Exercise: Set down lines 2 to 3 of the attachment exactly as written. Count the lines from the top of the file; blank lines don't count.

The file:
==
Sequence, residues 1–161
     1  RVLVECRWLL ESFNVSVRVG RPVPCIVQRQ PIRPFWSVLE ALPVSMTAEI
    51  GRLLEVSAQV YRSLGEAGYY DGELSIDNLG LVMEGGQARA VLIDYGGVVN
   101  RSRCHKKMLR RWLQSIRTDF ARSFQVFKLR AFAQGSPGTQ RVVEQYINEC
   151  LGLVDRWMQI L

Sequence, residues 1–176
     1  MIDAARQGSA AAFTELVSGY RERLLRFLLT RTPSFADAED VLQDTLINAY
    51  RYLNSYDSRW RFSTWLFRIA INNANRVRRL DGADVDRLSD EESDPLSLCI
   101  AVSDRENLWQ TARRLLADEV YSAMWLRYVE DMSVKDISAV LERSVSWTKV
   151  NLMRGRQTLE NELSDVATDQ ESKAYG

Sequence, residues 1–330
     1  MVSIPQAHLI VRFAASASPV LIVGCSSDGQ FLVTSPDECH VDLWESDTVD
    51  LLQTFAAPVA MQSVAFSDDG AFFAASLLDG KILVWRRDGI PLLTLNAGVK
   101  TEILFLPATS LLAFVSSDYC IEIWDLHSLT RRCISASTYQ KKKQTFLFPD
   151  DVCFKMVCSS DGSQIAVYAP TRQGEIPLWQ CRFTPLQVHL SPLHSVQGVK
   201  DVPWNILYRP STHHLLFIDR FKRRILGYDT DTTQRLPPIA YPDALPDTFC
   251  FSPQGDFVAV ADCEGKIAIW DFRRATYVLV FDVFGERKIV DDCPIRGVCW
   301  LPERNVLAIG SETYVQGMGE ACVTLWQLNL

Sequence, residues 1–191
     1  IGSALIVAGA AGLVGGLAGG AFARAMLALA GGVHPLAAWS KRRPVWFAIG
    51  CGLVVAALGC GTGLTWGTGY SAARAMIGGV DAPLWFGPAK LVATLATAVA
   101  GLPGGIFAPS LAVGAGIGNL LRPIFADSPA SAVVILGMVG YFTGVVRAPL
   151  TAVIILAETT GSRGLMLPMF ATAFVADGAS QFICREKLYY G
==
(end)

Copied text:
     1  RVLVECRWLL ESFNVSVRVG RPVPCIVQRQ PIRPFWSVLE ALPVSMTAEI
    51  GRLLEVSAQV YRSLGEAGYY DGELSIDNLG LVMEGGQARA VLIDYGGVVN